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Building bridges and community over lunch with our first responders

Community in Action

The First Responder Lunch Program invites police officers and firefighters to dine with students in our school lunchrooms.

The program demonstrates our deep appreciation for our first responders and builds bridges to different corners of our community by fostering positive relationships between our students and public safety entities. The school visits also help responders be better familiarized with school staff and building layouts.

“First responders are integral to the safety of our school communities,” says Jonah Stinson, director of school safety and emergency management, “and it’s been wonderful to have them in our buildings engaging with kids and staff during the school day.”

“When emergencies do happen, we’re better prepared knowing it’s not the first time a student has interacted with police or fire, or the first time a responder has been inside a school. And what better way to connect than over a shared meal?”

We recently received some feedback and stories from some of the Bellingham police officers who visit with our students over lunch.

 

Neighborhood Police Officer Dante Alexander writes:

It has been very fun getting to sit and eat with the students. There is something refreshing about being with students and experiencing the joy they see in the world.  It has been great seeing the transition from students asking “What are you doing here?” to walking in and getting high fives. I have visited several of the schools on the north side of town. Some of my favorite moments have been playing basketball with students at Whatcom and Shuksan Middle and realizing police officers have a little basketball game; or getting the kids a little too riled up and getting them in a little trouble; or just the questions they ask and being able to let the students know we are here if they need help. I am grateful to the school district to allow an opportunity for us to interact with the students in such a positive way.

 

Corporal Kyle Nelson writes:

I have focused on going to lunch at Northern Heights Elementary.  The most important thing is to break down the barriers with the kids that our uniform and position may create.  The lunch program allows us to talk to the kids about positive things and humanize our position. 

Here’s a story. The first time I went I brought a roll of stickers thinking that the kids would get a kick out of free stuff.  HUGE mistake!  I was rushed by the entire cafeteria begging for a sticker.  I did not think that I was going to make it out. 

This program is great and I hope that it can be continued. 

 

Warrant Officer Mark Hoyos has visited four cafeterias multiple times. He shared these stories with us:

The biggest takeaway is being visible to the kids, gaining their trust, being available for them to sit and interacting with us in a relaxed setting. When I first started having lunch with the kids, I noticed that the kids were asking if there was something wrong. Now when I show up the kids are high-fiving me and excited to see me and they want to sit and have lunch with us. The teachers and staff have been so very welcoming and friendly.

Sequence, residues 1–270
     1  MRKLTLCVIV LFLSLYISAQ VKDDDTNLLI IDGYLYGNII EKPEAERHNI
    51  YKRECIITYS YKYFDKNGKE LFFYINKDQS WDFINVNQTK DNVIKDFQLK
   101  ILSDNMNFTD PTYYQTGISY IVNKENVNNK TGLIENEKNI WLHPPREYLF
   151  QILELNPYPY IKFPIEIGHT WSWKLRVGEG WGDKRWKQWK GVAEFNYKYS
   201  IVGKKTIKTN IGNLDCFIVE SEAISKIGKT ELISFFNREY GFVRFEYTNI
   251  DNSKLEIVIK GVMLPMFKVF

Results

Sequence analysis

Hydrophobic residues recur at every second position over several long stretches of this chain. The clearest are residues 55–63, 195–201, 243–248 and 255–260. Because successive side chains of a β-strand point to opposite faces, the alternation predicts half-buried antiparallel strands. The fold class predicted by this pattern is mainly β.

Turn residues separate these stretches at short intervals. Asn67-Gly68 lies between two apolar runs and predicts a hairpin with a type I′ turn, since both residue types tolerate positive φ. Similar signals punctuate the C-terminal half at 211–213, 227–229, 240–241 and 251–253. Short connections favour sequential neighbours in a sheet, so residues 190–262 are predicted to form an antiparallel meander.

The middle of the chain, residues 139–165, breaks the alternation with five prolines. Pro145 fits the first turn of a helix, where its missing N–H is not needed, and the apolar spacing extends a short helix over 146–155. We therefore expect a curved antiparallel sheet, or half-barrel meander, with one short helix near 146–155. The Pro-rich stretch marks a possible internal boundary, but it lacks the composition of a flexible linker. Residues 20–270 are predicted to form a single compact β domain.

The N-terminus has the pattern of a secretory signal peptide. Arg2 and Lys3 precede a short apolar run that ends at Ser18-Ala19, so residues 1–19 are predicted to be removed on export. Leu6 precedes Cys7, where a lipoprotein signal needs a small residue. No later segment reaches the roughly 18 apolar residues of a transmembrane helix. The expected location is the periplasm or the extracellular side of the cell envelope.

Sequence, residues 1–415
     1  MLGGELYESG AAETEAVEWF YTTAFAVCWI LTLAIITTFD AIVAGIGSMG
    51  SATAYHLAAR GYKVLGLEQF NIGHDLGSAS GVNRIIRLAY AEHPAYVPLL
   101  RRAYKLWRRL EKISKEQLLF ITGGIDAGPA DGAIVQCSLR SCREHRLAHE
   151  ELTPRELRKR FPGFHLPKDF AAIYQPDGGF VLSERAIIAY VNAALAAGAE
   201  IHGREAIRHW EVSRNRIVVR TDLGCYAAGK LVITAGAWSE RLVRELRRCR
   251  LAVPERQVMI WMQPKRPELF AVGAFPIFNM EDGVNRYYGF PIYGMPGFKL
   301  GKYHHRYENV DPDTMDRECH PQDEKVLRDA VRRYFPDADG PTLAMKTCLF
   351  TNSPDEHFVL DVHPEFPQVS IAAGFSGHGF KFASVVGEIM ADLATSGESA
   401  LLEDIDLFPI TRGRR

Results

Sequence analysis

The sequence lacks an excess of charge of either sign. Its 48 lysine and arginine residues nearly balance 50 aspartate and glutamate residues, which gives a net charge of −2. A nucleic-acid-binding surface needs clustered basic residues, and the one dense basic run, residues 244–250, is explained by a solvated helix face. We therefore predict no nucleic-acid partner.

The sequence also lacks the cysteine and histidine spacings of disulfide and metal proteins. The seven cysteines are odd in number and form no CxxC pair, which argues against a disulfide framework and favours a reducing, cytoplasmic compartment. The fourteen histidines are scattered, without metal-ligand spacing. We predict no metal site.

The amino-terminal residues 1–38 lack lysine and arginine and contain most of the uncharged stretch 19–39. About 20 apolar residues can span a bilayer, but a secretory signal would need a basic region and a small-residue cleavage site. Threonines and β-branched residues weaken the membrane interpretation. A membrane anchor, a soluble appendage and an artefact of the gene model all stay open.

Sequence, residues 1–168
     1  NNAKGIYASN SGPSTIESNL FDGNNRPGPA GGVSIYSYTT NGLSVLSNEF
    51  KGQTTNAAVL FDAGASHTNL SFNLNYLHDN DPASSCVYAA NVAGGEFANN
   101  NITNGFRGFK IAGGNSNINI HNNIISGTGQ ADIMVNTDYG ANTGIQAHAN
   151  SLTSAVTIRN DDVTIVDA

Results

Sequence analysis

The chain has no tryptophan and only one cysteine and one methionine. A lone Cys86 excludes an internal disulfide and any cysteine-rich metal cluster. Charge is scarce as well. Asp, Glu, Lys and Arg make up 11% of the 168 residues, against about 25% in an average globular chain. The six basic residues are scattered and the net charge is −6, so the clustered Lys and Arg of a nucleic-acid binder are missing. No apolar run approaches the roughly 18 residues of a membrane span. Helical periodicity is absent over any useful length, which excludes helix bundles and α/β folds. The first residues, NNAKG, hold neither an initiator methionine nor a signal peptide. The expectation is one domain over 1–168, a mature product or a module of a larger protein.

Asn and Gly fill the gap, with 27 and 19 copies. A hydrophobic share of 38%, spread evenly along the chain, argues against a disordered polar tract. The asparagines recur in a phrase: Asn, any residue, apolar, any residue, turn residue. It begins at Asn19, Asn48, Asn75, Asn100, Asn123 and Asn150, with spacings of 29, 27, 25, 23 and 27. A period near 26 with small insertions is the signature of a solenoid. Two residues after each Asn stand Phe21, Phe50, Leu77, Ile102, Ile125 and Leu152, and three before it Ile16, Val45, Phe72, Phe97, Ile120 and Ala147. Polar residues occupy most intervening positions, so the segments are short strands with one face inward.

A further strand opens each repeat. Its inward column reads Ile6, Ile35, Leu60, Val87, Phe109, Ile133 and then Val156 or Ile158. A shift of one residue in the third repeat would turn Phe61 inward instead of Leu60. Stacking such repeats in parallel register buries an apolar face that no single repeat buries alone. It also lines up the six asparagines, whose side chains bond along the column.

I personally love every time I go and have lunch with the kids. Every visit is a new experience meeting new kids. The kids love sitting with us and asking questions about our jobs, what we like to do for fun and they ask about our families. The kids are always asking for stickers and our trading cards. 

One day at lunch, I had a girl come up to where I was sitting and she sat her tray down, sat across from me and with her head down avoiding eye contact with me she said “My friends dared me to sit with you.” Sensing that the girl was shy, I said to her “You can look up,” which she did, and I told her that she didn’t need to be nervous. The girl immediately smiled and I asked her what her name was and I introduced myself to her. I asked her if she likes stickers and I gave her a sticker and a trading card. I told her that since she was the only brave one to come and sit with me, then she was the only one that got a sticker. She smiled again. For about the next 20 minutes, we sat there and we talked, we laughed and we shared stories about our families. When lunch was ending, the girl stood up and said to me “Next time you come to my lunch, I want to come and sit with you again.” This time I smiled.    

Another day a different girl came up to me and my partner and said, “I want to have lunch with the police.”  The girl sat down and said “I love the police,” which put a big smile on my face. After the girl sat down, about 8 other kids ran over to sit with us for lunch. We all talked and shared stories, laughing and joking, and all of the kids wanted stickers and trading cards. After we ate, the girl who said she loves the police asked my partner and I to please come outside and play soccer with her and her friends, which we did. When the bell rang for the kids to return to classes, the girl said to us “Please, please, please, will you walk me to my class?”  As my partner and I were walking her down the hall and back to her class, she looked up at us and said in a loud excited voice “This is awesome!” which put a huge smile on my face and a moment I won’t soon forget. When we arrived to the girl’s classroom, she was so excited to introduce us to her teacher and other classmates.

The First Responder Lunch Program is generously funded by the Bellingham Public Schools Foundation.

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